We all know that life is complex—filled with daily problems and situations that try our wisdom. For this reason, the prophets have long asked us to build a personal philosophy of life now that will help us solve our problems in the moment or hour they come up.
Featured below are two real-life situations. By thinking through each situation and analyzing its possible solutions and consequences, you will have gone a long way toward arriving at your own decision when related problems arise in your own life.
To make it even more interesting, write down your counsel for one of the situations, perhaps giving reasons or gospel principles that apply, and send your counsel to us. Responses should generally be no more than 150 words in length. In an upcoming issue (it takes time to get overseas mail and letters into print) we’ll print the most thoughtful and interesting suggestions and solutions. Now—what would you do in each of the following situations?
Situation # 1
A very close friend has told me in strict confidence that he has been violating the law of chastity. He has good feelings toward the Church but is unwilling to speak to the bishop about his problem. He has been filling his priesthood assignments (blessing the sacrament, home teaching, and so forth) as if nothing is wrong. Yesterday he broke up with his girl, and now he’s talking of dating other girls in the stake, including one I’m interested in. He came, needing to talk to someone, and trusted me to keep his secret. He feels bad, but he isn’t sure he can change and feels that he cannot take my advice to see the bishop—at least not now. I keep wondering if I have any responsibility to him, to others in the stake, or to the Lord. If I violate his trust and tell the bishop, it will almost certainly destroy our friendship and might even result in his leaving the Church, because I am really his only close friend in the ward. He seems to be trying to straighten himself out. Still, he may get another girl involved. What should I do?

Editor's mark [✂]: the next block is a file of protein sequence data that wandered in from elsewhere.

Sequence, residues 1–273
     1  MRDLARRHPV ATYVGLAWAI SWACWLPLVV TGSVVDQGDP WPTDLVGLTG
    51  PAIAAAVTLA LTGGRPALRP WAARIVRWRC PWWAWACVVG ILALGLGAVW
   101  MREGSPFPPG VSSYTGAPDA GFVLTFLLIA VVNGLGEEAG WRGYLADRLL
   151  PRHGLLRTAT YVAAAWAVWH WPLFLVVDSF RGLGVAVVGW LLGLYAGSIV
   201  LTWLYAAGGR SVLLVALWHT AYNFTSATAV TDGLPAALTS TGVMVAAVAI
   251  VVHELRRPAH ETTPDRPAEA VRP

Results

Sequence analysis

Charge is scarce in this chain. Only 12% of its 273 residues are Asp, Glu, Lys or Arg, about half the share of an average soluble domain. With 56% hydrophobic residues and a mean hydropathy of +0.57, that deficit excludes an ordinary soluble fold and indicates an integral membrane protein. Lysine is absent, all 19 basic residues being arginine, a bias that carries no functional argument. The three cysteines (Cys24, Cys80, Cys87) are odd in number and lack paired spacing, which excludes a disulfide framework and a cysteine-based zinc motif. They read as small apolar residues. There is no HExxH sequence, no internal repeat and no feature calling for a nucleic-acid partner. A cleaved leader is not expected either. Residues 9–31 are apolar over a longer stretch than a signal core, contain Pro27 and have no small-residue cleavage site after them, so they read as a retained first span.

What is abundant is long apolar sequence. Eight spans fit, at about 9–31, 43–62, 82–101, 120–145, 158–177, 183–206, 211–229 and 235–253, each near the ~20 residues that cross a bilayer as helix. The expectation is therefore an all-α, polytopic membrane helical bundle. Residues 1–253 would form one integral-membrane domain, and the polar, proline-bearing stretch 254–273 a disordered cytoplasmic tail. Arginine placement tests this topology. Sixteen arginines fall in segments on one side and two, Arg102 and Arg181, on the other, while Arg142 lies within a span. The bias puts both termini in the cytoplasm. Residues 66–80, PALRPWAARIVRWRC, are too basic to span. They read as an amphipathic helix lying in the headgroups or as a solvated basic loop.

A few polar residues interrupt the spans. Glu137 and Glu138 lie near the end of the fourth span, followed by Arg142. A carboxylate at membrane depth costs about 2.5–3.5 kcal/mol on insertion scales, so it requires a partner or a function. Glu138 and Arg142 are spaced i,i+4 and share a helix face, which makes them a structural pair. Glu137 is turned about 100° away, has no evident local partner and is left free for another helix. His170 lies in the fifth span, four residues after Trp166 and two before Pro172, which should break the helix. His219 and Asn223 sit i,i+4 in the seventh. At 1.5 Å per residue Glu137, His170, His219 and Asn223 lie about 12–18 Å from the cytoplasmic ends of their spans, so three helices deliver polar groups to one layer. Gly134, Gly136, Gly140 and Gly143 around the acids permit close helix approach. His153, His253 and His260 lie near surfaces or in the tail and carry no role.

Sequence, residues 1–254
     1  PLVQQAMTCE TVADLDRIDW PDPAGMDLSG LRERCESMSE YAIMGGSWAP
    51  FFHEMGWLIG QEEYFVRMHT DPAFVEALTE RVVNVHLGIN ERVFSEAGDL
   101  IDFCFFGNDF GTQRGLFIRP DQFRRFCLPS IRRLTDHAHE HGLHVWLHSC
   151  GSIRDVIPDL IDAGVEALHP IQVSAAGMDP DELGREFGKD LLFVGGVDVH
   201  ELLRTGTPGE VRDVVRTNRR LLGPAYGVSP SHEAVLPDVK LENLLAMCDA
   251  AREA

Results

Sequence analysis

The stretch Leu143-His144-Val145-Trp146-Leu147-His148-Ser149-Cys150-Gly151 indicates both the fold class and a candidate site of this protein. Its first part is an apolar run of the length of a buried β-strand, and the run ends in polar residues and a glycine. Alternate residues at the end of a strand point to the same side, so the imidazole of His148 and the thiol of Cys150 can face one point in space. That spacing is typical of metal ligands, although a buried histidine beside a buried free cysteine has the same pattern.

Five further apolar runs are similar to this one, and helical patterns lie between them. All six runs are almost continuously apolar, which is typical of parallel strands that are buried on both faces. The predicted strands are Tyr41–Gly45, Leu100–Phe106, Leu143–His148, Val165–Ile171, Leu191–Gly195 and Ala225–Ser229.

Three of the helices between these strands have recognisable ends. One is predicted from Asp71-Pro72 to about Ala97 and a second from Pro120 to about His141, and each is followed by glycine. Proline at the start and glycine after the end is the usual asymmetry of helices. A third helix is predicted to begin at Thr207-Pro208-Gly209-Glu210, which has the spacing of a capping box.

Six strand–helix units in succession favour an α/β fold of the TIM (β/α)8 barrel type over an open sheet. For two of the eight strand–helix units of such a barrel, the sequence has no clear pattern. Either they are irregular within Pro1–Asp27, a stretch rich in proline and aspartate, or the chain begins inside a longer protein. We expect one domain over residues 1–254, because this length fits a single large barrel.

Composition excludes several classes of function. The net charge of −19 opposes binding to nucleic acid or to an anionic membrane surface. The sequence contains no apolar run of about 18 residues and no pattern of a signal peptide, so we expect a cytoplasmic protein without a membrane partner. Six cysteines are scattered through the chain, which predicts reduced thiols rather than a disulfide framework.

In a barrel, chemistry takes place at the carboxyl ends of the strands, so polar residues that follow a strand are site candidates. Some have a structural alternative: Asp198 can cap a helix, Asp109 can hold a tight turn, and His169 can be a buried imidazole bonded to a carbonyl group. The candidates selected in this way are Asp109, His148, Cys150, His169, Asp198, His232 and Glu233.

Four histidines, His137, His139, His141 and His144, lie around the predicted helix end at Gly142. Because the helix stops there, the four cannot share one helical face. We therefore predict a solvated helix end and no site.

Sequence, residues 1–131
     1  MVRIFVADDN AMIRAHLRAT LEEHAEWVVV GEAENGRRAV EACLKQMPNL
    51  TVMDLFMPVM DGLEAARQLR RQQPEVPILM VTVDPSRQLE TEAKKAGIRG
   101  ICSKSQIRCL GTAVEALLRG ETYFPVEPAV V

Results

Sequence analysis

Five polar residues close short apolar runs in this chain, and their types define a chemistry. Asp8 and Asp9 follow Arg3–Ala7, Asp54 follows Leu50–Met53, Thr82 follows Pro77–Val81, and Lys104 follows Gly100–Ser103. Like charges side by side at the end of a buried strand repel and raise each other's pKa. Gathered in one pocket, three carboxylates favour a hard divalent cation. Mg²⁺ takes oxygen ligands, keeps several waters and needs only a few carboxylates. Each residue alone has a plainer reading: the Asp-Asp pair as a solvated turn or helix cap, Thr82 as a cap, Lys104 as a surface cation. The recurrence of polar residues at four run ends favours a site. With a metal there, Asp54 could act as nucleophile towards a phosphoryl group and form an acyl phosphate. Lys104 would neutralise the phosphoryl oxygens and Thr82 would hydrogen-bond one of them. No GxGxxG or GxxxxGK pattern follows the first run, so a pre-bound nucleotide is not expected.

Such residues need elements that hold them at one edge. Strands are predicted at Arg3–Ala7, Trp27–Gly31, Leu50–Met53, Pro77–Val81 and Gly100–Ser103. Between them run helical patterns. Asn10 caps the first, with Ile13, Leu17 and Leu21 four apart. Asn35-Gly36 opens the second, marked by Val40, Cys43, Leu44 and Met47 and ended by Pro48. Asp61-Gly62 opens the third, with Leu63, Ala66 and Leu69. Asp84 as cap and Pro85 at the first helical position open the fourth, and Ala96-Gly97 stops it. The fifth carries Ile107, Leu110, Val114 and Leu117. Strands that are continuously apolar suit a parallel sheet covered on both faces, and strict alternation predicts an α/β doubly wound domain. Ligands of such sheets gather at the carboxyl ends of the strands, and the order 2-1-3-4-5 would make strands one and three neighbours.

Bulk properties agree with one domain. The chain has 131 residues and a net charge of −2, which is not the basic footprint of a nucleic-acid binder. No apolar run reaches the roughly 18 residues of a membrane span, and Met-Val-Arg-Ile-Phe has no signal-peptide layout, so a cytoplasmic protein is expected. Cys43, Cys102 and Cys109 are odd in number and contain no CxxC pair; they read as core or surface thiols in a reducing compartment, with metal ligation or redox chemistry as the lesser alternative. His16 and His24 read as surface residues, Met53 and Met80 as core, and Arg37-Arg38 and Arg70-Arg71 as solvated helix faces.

Some of my friends have begun smoking marijuana. They know and respect my attitudes on the subject and do not pressure me to conform. I enjoy their company in most other situations and have much in common with them. Also, several in the group have been asking questions about the gospel, wondering if it could fill the vacuum they feel in their lives. One or two seem quite interested in knowing more about why I refuse to smoke with them. On almost any occasion when we all get together, it is probably a fifty-fifty chance that someone will have marijuana on them and will start smoking. When no one starts smoking a “joint,” we sit around and talk. It is at these times that the gospel may come up. But it is impossible to know if anyone will bring marijuana when we get together. This is even more confusing because I know that I’m subject to arrest for being on the premises where marijuana smoking is occurring or for being in the presence of others who possess marijuana, even though I do not smoke. What should I do about this risk and about associating with my longtime friends, who might come to an understanding of the gospel through me.